Brexit makes UK GCs linger

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The Brexit has caused general counsel in the UK to bide their time moving to other organisations in 2016, new research reveals.
According to information from The Lawyer Market Intelligence, it tracked 95 general counsel moves in 2016, a drop of 5% from 100 in the preceding year.
Nonetheless, the information also reveals that there has been a late surge of moves last year due to higher demand for mid-level and interim hires after the Brexit vote was cast.
Recruiters told the publication that in the run-up to the vote, GC moves dropped off.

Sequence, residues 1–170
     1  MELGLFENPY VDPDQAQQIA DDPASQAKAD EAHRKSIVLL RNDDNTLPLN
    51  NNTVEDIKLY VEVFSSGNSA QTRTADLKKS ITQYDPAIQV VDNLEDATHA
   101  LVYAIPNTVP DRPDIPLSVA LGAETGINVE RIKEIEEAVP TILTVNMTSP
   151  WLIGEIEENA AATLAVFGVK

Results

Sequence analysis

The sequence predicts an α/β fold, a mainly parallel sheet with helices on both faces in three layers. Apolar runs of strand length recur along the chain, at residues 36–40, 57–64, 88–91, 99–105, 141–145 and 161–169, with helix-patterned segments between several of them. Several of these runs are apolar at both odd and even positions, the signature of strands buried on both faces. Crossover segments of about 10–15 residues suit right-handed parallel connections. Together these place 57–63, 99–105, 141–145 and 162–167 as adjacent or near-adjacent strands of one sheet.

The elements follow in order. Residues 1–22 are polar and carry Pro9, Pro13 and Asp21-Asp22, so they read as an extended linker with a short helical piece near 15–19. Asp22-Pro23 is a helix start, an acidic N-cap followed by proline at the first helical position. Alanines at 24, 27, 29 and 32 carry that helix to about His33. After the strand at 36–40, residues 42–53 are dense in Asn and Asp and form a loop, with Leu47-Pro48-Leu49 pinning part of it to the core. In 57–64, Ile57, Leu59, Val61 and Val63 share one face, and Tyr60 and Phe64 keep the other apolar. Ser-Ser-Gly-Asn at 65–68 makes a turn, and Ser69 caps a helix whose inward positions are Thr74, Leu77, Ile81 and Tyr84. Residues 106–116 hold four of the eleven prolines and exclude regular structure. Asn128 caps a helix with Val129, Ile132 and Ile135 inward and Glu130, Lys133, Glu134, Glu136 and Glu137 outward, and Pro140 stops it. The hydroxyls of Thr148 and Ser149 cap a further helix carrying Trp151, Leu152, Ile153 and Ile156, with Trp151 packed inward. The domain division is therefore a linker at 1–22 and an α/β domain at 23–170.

“Even those going for jobs aren’t actually moving. The only real vacancies coming up have been mid-level,” Liam Taaffe told The Lawyer.
The GMK Legal associate director said the situation may not last and noted after noting that there are “loads of interim GC roles on the market” with “quite a few in the retail sector.”
Banking and financial services was the sector that saw the most moves in 2016 as it saw 22 prominent moves in the year. This is less, however, than the 29 recorded by the sector in the previous year. Manufacturing tallied 14 while retail moves totalled nine.
“Most of the roles we have seen available have been from banks,” Rebecca Garland told the publication.
“A lot of insurance and commerce and industry is outside of London so there would be a reverse commute involved, which is a harder sell to candidates,” the Barclay Simpson in-house senior consultant added.

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